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Hilary Carr-Butler

Hilary Carr-Butler is a poet and musician living in upstate New York. As a younger person, she was inspired by e.e. cummings, Rumi, Hafiz, Pablo Neruda, William Butler Yeats, and Dylan Thomas. She treasures poetry's ability to open minds and connect hearts.

A tree-hugging nature-lover, she also loves NYC for its jazz, her favorite music; and for its amazing, diverse people and cultures. Hilary is currently a senior at CCNY-CWE, working on a BA in Interdisciplinary Arts and Sciences.

Haiku in Four Parts


August almost gone,

Cricket symphony sustains

soft rhythms of night.


My young lover’s back,

a snake in the harvest moon,

sliding through my hands.


Walking alone now,

open arms embrace the stars,

midnight mountain hush.


Guitar rides the breeze,

sounding from an unknown house,

yet drawing me home.

Autumn Storm, 2020

I stand alone, but not unloved

in the middle of this worsening storm.

Deep in this time of masks and corpses,

brother against brother,

red against blue,

science against demagogues,

what have I lost?

Should I count my losses, or should I soldier on,

knowing I’m incredibly blessed to have air in my lungs,

earth under my feet,

and to walk in the company of trees and angels?

Deep in this time of miracles and heroes,

friendships sparked across the globe in digital ethers,

communities caring,

strangers sharing,

what have we begun to let go of?

Frequent travel,

carbon emissions,

acceptance of unfair conditions.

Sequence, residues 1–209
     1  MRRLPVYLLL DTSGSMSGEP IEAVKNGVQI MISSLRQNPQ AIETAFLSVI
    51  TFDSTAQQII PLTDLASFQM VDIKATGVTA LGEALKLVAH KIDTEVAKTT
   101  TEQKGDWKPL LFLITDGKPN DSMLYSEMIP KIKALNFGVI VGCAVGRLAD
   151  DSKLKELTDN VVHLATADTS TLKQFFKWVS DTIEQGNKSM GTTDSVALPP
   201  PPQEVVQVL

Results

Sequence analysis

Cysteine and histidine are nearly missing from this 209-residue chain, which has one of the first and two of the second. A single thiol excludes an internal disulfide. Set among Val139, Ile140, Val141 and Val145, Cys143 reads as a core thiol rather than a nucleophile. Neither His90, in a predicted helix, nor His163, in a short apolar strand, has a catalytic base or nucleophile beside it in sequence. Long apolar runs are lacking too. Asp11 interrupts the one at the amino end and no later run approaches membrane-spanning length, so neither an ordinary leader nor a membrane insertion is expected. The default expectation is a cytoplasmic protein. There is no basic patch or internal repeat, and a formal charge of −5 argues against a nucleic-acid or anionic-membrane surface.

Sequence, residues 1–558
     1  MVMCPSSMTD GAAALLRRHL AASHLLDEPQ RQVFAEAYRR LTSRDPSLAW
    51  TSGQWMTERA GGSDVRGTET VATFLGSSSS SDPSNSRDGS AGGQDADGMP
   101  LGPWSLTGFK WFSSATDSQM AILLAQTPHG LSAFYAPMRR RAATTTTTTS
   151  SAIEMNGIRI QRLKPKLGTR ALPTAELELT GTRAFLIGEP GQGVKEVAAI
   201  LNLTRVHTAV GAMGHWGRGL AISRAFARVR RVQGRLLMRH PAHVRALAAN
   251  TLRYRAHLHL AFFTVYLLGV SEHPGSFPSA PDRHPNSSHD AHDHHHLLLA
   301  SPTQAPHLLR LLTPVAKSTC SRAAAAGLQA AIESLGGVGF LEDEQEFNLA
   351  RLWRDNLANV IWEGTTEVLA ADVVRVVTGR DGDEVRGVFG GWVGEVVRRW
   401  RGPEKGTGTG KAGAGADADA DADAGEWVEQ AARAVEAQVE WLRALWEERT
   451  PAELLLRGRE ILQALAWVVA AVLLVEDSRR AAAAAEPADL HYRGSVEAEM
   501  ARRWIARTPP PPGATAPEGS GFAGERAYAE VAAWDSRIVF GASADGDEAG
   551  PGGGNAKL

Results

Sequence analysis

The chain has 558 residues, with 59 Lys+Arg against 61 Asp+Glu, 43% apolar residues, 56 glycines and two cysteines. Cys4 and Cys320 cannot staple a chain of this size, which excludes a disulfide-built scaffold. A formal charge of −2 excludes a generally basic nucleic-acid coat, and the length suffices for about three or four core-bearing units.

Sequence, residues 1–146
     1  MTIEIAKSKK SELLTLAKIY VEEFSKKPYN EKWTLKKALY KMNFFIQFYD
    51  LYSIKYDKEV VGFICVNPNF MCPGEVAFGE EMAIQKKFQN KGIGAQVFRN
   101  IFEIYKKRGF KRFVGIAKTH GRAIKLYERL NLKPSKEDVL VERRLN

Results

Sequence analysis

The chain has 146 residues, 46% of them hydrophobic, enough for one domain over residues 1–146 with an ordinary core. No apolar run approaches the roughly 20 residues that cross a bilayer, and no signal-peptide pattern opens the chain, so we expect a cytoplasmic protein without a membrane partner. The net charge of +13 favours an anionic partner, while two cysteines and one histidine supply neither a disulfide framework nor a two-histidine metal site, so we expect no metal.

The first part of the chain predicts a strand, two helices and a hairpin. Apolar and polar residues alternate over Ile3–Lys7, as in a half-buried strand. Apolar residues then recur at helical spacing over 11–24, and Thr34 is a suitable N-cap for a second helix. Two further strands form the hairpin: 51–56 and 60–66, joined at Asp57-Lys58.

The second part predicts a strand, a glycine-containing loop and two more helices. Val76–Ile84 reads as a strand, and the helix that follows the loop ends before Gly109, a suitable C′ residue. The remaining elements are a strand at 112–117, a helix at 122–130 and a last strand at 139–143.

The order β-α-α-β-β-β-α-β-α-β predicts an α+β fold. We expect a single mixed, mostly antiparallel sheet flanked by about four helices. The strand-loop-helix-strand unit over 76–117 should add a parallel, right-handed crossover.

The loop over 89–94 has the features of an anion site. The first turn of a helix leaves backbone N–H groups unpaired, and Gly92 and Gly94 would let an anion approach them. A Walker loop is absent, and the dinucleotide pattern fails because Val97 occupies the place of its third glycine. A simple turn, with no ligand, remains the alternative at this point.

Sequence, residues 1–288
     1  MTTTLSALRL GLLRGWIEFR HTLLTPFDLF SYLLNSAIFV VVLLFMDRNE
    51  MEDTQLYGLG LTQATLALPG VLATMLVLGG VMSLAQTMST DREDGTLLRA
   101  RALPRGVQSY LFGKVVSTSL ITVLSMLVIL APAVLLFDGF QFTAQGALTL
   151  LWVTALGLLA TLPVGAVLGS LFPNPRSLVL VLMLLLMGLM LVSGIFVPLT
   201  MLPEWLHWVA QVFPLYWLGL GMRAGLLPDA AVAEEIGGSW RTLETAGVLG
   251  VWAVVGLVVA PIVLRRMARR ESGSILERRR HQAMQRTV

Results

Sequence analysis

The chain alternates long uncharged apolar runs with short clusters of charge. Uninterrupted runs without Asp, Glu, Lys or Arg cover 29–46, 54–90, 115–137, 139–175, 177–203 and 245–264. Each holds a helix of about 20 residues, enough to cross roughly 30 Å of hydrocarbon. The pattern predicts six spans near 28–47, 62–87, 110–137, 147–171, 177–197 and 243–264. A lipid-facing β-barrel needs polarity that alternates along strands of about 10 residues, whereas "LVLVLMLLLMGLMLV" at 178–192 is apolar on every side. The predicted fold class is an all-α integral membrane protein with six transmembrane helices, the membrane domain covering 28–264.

What can we release some more?

Our habitual lack of mindfulness for the Earth

and for each other’s health,

corporate greed ranking higher than widespread human needs,

policies based on prejudice, injustice, and hate.

What was an I became a we,

and if this sometimes isn’t so,

may I speak it into being.

Letter to A Dead Friend and Mentor

Thank you
for loving me
the way the ever-present Earth loves a small oak tree--
without question, unconditionally.

And like the giving Earth,
You were firm and palpable under my feet,
encouraging my roots and branches,
connecting my roots with the roots of others, new friends.

A gang of misfit teens, a widower with time to spare,
We flowed together unexpectedly.
You lectured, laughed, and listened,
always busy weaving
our disparate, colored strands into a community,
You magnetized a chosen family.

You gathered us wild and moody teens
for camping, road trips, fishing, caving.
You fed us---
Bluefish and hashbrowns over the campfire,
Javanese peanut chicken,
Swiss Chard and pierogies, but that was not all!

You fed us Bartók, independent ideas, and other jewels.

In your magical, rambling house,
my young ears overflowed with strange wonders--
John Cage, gamelan, Cape Verde melodies, piano sonatas.
You drove us to see classical dancers from South India, Bali, and beyond;
You gave us physics lessons, silly comedies,
And films, a passage into unseen worlds---
Ingmar Berman, Werner Herzog,
and the eerie, enchanted frog sounds of Peter Weir’s Australian outback.
We all aged, we moved away.
You and I phoned, such treasured chats.
Laughter, stories stretching on for lazy hours.
We visited at times, but not enough…. still your firm bear hug!

A few months back, I watched you slip away
from now into the unknown space.
So blessed to die at home,
with loved ones singing
and circling ‘round you.

Living on your own terms, living from the heart,
For ninety-seven years, what a splendid victory!
I bow to you, I celebrate you!
I hold a stone of sorrow in a frightened fist,
I’m missing you again.

I am washed in tears, a rushing river of grief carries me,
Bruised by rocks along the way.

But afterwards, a tender quietude,
punctuated by the soft beating heart
of my unspoken thanks.

And this is life.
The body drops away…
And you would surely say,
You’d be happy to become a dance, a verse,
a humble piece of poetry.

In memory of Eugene Lefferts, known as "Unk"
who died on Feb. 14, 2022


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